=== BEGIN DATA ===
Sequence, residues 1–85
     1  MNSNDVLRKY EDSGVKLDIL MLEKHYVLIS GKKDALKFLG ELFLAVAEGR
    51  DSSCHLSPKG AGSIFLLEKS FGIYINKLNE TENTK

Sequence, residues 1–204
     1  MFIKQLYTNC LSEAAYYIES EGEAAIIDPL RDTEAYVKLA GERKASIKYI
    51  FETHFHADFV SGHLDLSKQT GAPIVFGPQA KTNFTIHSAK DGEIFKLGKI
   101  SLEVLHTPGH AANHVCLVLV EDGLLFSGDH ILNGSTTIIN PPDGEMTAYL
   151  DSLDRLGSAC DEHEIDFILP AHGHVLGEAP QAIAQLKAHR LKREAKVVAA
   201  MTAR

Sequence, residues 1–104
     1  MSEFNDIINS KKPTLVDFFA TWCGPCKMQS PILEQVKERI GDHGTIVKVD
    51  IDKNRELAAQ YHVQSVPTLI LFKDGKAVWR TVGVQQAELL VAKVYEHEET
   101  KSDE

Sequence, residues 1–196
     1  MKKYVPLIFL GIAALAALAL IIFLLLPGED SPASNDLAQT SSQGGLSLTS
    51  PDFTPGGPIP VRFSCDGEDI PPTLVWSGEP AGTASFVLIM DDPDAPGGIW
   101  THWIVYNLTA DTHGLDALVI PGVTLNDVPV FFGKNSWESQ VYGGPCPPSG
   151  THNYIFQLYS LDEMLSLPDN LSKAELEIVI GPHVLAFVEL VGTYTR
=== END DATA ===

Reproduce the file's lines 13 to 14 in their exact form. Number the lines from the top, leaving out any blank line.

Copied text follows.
   101  KSDE

Sequence, residues 1–196